A play by Moliere in the Philadelphia area? Be still my heart!
I took a quick unscientific survey in the lobby, prior to the performance, and discovered that not many visitors to The Miser, presented by the Stagecrafters of Chestnut Hill, had seen one of the great French author’s works. This company usually presents modern comedies and dramas, but they do have in their long production history plays by Marivaux, Goldoni and Barrie. The very appearance of this production is cause for rejoicing. And it’s also very good.
I continually praise the directing work of Barbara D. Mills, with phrases such as “razor sharp” or “steel cut,” and this Miser is no exception. The production is well cast, beautifully staged, clearly interpreted and delightfully designed. David Chambers’ translation is certainly irreverent, with lines like “Your eyes are spinning like bicycle wheels” and mentions of Napoleon and other anachronisms. It works well, and American actors will find it easy to speak.
The costumes (credited to Claire Adams and Jen Allegra) are certainly not of 1668 France. Historical research be darned. Here is a delectable mish-mosh of periods that somehow define the characters and give the evening an Alice in Wonderland-style wackiness. Those shiny-buttoned vests, knee boots, tight bodices and tiny hats will be long remembered. The title character’s cheapness is well indicated by the set, designed by Scott Killinger and Marie Laster, which details a once-elegant house long gone to seed. Gilbert Todd’s lighting ably assists.
The comedy involves a nasty miser whose love of money (not what money can buy, but the money itself) ruins the lives of his family and friends. Yes, he is even shown kissing the golden coins. Jen Allegra is outstanding as Frosine, a lusty marriage broker, who seizes the audience with her hilarious costume, physical characterization, and biting line deliveries. Equally good is Dane Lavery as Cleante, the frustrated son. He is at once both a typical Moliere fop and a romantic lover. His every move contributes to the evening’s success. Proper support comes from the servants (who in Moliere are always smarter than the masters), played by Nolan Maher and Dan Shefer. Julianne Schaub and Steve Harding charmingly handle the traditional young lovers, with John C. Hill as the grounded raisonneur character.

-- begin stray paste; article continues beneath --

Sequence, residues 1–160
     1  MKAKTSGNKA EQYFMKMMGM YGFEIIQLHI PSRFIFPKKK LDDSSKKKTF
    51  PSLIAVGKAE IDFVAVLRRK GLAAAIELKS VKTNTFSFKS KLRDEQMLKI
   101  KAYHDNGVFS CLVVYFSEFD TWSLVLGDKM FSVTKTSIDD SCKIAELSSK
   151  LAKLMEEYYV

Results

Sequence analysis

Lenny Grossman plays Harpagon the miser, and has many fine moments. He is energetic and has a good deal of fun with the role, but lacks the needed element of impulsiveness. Grossman is an excellent actor who delivered a nuanced performance in the theater’s recent Any Given Monday. But he is not a crazed comedian. This Harpagon’s need for money never seems to extend from the top of his head to the tips of his toes. By the time of the famous Act Five speech, Grossman’s performance becomes far too predictable to bring the play to its proper climax. It must be remembered that Moliere suffered twelve long years on the road with a commedia company, and then played all of the leading roles when he began to write his own plays. By the time he played Harpagon, he could wrap the audience around his little finger with ease. This type of onstage training is hard to come by nowadays. This production is an ensemble effort rather than the star vehicle Moliere wrote for himself.
The audience left the theater with a good deal of excited curiosity. “Was Moliere a man or a woman?” and “Did he write anything else?” were overheard comments. Hopefully Google will be put to work as the Philadelphia area looks forward to more classics at the Stagecrafters.
Running Time: Two hours, including an intermission.
The Miser plays through Sunday December 10, 2017 at The Stagecrafters Theater – 8130 Germantown Avenue, in Philadelphia, PA. For tickets, call the box office at (215) 247-9913, or purchase them online.